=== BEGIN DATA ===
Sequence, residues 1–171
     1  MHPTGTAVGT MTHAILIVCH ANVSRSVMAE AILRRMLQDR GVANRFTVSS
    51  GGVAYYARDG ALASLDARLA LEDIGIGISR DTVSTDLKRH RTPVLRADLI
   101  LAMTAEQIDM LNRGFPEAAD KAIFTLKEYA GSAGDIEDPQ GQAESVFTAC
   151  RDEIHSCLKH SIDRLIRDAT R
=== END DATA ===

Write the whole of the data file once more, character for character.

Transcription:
Sequence, residues 1–171
     1  MHPTGTAVGT MTHAILIVCH ANVSRSVMAE AILRRMLQDR GVANRFTVSS
    51  GGVAYYARDG ALASLDARLA LEDIGIGISR DTVSTDLKRH RTPVLRADLI
   101  LAMTAEQIDM LNRGFPEAAD KAIFTLKEYA GSAGDIEDPQ GQAESVFTAC
   151  RDEIHSCLKH SIDRLIRDAT R